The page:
Just before this encyclical was released, the Pontifical Biblical Commission issued a clarification of its 1934 response cited above. This clarification (AAS 35, 1943, pp. 270-71–warning! giant PDF!) explicitly granted permission for biblical translations from the original languages. Taking its cue from this clarification from the Biblical Commission and from the new encyclical, the Catholic Biblical Association decided at its meeting in August 1944 at Notre Dame to abandon the project of revising the Challoner-Rheims edition and instead launched a new project to translate the whole Old Testament from the original Hebrew and Greek. This project would eventually become the New American Bible.
The CBA was additionally encouraged and congratulated on pursuing this project by the apostolic delegate, Archbishop Cicognani (his letter was published in Catholic Biblical Quarterly 6 [October, 1944] 389-90: https://www.jstor.org/stable/43723781). The Archbishop lauds the CBA for its efforts, acknowledging that the association is “translating the Old Testament from the original languages into English” and that “This news is a source of great pleasure, since the deep learning which forms the background of their work, and their well-known devotion to the Holy See are already in themselves auguries of success in the monumental work to which they have so resolutely set themselves.” Later in the letter, he nods in the direction of Rome, showing his interpretation of Divino: “Conformably to the recommendations of His Holiness, the members of the Catholic Biblical Association are laudably engaged in translating the Old Testament from the original languages for the use of the laity.” Here we see that the Roman trend in the direction of the original languages is affirmed and made more explicit by the Archbishop.
This direction was affirmed, albeit softly, by the Sacred Congregation of Rites in its document, Inter Oecumenici (Sept 26, 1964), 40.a:
The basis of the translations is the Latin liturgical text. The version of the biblical passages should conform to the same Latin liturgical text. This does not, however, take away the right to revise that version, should it seem advisable, on the basis of the original text or of some clearer version.
This slim legal language emphasizes the importance of the Vulgate, but defers to the original languages for revision.
“the Church by her authority and with maternal concern sees to it that suitable and correct translations are made into different languages, especially from the original texts of the sacred books” (Dei Verbum, sec. 22)
This statement by the Council affirms that the hierarchy was moving away from Vulgate-only translations toward focus on the original languages.
Liturgiam authenticam 2001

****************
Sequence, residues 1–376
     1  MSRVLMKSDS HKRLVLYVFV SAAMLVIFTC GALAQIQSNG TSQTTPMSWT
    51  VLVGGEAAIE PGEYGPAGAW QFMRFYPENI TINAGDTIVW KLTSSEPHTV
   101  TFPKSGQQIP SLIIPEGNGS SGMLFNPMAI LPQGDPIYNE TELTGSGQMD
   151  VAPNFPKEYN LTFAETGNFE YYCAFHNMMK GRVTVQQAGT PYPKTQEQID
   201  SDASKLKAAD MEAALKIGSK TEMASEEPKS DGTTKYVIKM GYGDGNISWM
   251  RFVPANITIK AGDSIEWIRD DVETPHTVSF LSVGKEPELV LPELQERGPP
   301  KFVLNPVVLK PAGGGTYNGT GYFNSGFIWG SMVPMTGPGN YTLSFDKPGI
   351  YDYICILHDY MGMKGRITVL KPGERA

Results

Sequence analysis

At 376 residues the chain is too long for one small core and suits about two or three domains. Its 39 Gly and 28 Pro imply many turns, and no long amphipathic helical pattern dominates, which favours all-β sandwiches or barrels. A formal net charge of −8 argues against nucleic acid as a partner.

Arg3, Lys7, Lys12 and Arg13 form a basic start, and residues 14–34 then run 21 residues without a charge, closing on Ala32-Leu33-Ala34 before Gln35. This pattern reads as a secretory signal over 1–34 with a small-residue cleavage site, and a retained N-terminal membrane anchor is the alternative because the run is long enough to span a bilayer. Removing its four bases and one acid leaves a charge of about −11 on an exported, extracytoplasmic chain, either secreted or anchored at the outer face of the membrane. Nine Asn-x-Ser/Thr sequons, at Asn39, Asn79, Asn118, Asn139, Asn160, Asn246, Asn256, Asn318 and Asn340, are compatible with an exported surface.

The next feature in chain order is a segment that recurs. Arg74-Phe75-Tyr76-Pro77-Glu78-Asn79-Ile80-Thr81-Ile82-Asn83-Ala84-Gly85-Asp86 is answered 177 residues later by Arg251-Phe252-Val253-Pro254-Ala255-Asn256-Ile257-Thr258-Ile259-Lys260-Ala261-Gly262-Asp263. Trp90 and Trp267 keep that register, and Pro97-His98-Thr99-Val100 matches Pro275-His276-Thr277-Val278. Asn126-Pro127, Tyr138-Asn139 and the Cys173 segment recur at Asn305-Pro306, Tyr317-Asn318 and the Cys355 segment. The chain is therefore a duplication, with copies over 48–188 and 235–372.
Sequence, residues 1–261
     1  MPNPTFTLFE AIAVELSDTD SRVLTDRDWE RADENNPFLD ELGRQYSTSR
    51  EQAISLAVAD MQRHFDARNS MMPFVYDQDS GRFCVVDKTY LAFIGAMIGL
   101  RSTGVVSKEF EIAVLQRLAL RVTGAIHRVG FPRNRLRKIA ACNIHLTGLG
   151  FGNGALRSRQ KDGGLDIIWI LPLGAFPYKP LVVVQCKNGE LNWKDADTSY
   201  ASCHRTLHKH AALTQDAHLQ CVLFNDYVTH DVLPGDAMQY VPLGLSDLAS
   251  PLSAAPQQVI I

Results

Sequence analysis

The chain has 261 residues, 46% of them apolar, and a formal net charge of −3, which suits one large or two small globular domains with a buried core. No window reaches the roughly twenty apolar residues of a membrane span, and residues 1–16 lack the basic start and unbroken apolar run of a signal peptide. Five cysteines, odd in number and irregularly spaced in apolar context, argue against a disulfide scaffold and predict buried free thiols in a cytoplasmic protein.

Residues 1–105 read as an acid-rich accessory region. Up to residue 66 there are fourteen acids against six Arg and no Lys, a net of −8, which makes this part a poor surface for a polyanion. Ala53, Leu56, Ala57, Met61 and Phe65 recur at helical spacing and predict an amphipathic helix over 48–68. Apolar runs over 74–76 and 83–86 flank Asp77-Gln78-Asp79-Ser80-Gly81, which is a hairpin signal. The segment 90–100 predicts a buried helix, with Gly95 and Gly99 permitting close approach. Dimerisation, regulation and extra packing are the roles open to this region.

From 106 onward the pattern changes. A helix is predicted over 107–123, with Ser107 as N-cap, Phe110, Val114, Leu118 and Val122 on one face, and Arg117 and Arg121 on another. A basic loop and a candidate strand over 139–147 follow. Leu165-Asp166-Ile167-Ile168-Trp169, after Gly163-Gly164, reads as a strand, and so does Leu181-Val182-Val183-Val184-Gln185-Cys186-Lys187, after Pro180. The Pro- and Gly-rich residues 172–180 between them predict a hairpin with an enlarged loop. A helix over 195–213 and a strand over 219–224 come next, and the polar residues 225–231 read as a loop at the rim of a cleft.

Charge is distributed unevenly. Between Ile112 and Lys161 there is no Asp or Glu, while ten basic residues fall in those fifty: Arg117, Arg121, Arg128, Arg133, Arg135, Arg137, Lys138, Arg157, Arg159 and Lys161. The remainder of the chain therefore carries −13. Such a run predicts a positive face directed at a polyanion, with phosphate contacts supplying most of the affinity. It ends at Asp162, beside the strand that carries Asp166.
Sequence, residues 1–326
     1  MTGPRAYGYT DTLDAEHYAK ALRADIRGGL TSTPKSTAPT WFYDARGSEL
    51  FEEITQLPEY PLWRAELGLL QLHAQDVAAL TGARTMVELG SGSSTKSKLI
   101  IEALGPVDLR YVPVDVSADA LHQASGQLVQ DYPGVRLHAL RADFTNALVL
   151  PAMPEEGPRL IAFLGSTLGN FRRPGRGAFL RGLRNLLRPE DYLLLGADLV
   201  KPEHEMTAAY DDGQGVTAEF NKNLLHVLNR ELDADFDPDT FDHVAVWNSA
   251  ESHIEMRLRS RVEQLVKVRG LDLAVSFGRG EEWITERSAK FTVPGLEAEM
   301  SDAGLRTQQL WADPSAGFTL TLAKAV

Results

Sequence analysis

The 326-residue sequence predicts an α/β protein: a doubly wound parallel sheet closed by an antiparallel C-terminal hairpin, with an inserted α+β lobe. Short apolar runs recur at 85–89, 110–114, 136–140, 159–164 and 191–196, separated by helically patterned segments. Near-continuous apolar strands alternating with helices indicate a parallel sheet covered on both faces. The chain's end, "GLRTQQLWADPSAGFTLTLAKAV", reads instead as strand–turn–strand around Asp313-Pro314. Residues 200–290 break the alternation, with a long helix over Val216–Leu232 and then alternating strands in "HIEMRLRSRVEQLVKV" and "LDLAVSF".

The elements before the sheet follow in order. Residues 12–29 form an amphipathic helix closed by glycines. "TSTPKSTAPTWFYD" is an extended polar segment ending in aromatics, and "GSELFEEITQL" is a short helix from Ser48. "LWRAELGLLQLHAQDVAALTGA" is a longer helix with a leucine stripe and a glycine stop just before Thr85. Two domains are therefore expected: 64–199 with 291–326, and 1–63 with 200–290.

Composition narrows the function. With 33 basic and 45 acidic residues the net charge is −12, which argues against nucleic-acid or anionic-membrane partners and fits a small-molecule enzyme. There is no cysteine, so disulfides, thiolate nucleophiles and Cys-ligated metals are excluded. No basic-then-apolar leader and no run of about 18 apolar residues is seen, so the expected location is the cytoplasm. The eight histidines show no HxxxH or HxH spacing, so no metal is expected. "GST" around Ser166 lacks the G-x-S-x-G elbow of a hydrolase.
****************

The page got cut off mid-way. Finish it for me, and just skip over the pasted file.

Pope St. John Paul II’s document, Liturgiam authenticam, will actually cite the 1964 law in extending the legal requirement to mandate that all biblical translations be made from the original languages, not from other translations.
Furthermore, it is not permissible that the translations be produced from other translations already made into other languages; rather, the new translations must be made directly from the original texts, namely the Latin, as regards the texts of ecclesiastical composition, or the Hebrew, Aramaic, or Greek, as the case may be, as regards the texts of Sacred Scripture.
One might think that this instruction contradicts the very idea of JPII launching the Nova Vulgata in 1979, but the document anticipates such concerns, saying, “Furthermore, in the preparation of these translations for liturgical use, the Nova Vulgata Editio, promulgated by the Apostolic See, is normally to be consulted as an auxiliary tool, in a manner described elsewhere in this Instruction, in order to maintain the tradition of interpretation that is proper to the Latin Liturgy.” So the Nova Vulgata is normative for 1.) finding the canonical verses in the original language and for 2.) understanding the proper tradition of interpretation for the Latin Liturgy. However, it does not serve as the basis for the translations, but only as “an auxiliary tool.” Though it is true that Pope Francis issued a Motu proprio in 2017 which limits the application of Liturgiam authenticam, it seems to have little effect on the topic here.
The complex task of Bible translation cannot be distilled down to any one principle. Indeed, any good translator should have respect for all of the available textual traditions, whether Hebrew, Greek, Latin, Syriac, or otherwise, and have a good sense for the strengths and weaknesses of each tradition. In previous eras, access to good instruction in the original languages was scare, but now much more common. Also, good manuscripts and critical editions were harder to come by, but now they can be readily had in libraries and on the Internet. Much of the text-critical work being done in older editions of the Vulgate has been transferred to the guild of text critical scholars of the Greek New Testament (one thinks immediately of the committee put together by Kurt Aland). The relative values of the Masoretic text and the Septuagint have not yet been fully ironed out and I imagine biblical scholars will be arguing about which should have priority until the sun sets on history. Yet from the above historical overview, we can see very clearly that the Catholic Church has been moving away from a Vulgate-only translation philosophy and toward a legal requirement that all biblical translations be made directly from the original languages. But again, whatever translation you are using: Read the Bible!